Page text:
I think there is a bit of wishful thinking by parents overlooking the possibility that their kids “believe” in Santa in order to avoid the presents coming.

Today as I passed through a train station over 10 Santas of both sexes came through the ticket gates. Why, I know not. Photo, I have not.

Much Santa
Such Merry

Osaka Great Santa Run 2013

Correlation between coffee and cigarettes

This interesting survey from NTTCom Research looked for a correlation between coffee and cigarettes, in particular how visiting coffee shops might increase exposure to second-hand smoke.

In Japan, most coffee chains are smoking, with each chain and each store having their own particular degree of separation between smoking and non-smoking areas. Starbucks are 100% non-smoking, although those with terraces allow outdoor smoking, Tully’s (home-grown fake Starbucks) and Saint Marcs have enclosed smoking areas with air-tight doors, and Becks and Dotour varies from perfect separation to worst than useless. Most independent shops tend to be cancer-donor wards, although once in a while there are exceptions, so check reviews before you enter!

Note that in Q4, the numbers illustrate that this sample had 17.0% non-smokers, 63.3% ex-smokers, and 19.7% smokers. It looks to me as if the ex-smoker and non-smoker percentages have been switched, or that there was some form of pre-screening, but I cannot see anything in the text to say what exactly is happening.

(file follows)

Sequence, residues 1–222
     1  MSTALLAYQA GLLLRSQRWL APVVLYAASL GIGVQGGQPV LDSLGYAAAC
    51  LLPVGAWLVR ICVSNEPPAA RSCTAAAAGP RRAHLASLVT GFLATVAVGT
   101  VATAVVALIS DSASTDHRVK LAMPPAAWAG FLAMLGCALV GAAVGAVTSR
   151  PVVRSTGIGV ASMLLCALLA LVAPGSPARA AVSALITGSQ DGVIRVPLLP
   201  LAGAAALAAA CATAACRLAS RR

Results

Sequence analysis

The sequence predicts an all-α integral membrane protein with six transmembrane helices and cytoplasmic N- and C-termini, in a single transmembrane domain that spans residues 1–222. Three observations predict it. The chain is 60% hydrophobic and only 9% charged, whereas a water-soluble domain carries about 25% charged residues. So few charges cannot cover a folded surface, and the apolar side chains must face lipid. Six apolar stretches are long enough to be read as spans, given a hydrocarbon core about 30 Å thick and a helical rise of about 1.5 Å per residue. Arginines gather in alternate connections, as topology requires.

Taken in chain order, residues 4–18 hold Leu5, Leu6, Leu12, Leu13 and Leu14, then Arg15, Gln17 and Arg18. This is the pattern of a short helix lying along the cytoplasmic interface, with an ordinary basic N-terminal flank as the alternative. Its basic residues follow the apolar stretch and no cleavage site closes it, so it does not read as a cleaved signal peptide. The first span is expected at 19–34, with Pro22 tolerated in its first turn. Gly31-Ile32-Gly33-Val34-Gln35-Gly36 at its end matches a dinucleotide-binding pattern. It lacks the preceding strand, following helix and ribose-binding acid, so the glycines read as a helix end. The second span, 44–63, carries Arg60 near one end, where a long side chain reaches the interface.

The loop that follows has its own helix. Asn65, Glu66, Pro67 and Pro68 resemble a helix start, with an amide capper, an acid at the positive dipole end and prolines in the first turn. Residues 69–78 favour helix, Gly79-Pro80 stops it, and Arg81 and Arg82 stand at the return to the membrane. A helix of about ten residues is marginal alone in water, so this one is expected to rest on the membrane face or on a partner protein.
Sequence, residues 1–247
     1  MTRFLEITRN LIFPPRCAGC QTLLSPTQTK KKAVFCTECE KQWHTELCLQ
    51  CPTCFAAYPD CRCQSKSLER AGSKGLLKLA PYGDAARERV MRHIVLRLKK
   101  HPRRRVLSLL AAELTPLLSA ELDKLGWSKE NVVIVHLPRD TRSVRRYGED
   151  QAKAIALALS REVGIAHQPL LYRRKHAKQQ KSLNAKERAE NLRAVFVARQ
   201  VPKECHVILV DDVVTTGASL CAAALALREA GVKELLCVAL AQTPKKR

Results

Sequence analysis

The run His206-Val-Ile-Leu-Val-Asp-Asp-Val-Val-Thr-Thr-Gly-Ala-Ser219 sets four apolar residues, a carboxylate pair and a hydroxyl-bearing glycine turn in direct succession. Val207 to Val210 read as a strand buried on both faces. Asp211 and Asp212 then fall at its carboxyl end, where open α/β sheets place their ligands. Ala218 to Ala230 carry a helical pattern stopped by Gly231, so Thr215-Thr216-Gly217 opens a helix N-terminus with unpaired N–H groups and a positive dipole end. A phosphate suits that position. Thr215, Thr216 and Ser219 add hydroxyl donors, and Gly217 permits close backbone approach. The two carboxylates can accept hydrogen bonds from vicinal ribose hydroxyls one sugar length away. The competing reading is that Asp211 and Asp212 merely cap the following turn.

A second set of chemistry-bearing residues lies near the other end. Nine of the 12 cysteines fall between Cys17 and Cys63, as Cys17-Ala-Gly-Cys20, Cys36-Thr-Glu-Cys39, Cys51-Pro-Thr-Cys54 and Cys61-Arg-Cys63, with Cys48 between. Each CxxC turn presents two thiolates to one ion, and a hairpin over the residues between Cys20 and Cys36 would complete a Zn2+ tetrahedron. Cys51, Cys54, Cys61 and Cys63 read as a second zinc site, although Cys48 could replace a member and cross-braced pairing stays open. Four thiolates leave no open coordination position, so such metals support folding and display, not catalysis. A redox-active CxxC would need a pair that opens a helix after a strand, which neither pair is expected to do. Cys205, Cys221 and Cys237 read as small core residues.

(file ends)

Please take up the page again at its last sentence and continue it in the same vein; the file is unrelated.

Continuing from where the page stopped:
Here’s a typical small privately-owned coffee shop. The owner probably brews an excellent cup of coffee at a wallet-damaging price, but as you can tell from the ashtrays in the photo, there will no doubt be a couple of regulars in a corner smoking the place out:

Roman Coffee Shop, Matsue, Japan

Japan’s favourite eggs are chicken, salmon and cod

This survey from @nifty looked at egg-based foods, covering both bird eggs and fish roe.

My parents often ate cod roe and herring roe; I only tried cod once as a child, but I can still remember the unpleasant texture. Although we ate a lot of salmon in our house (my father would regularly catch many fish) I cannot remember salmon roe ever appearing on the table. I don’t know if it was that he only went fishing after the spawning season, or he chucked them away, or what. Next time I’m on the phone I’ll have to ask!

By the way, note that percentages with one decimal place are exact values, but with no decimal places are estimates read off graphs.

Here’s some typical salmon roe – to me it just looks too polished and deeply-coloured, so I always suspect there must be artificial colouring added (they do it to farmed salmon meat, so why not eggs too) and something else pre-serving for that extra shine:

Japanese New Years Cuisine (Salmon Roe)

Young Japanese women and Instagram

The sweets maker Kanro recently released a survey that looked at Instagram and lifestyle, with young women being the focus.

One reason for this survey is to promote a photo competition. Follow either Kanro’s Twitter or Instagram account, take a photo of yourself with a package of Kanro’s Pure Gummi and upload it, tagging it with #ピュレフォト and #キャンペーン実施中 by the end of the year. After that, 1,000 people will be selected (at random, I presume) and will receive 6 bags of limited edition colourful Pure Gummy.

My Instagram account is mostly stuff I find interesting and the occasional food plate, and I’ll like just about anything with kittens in it.

Here’s a selection of fruity gummy:

Gummy Candy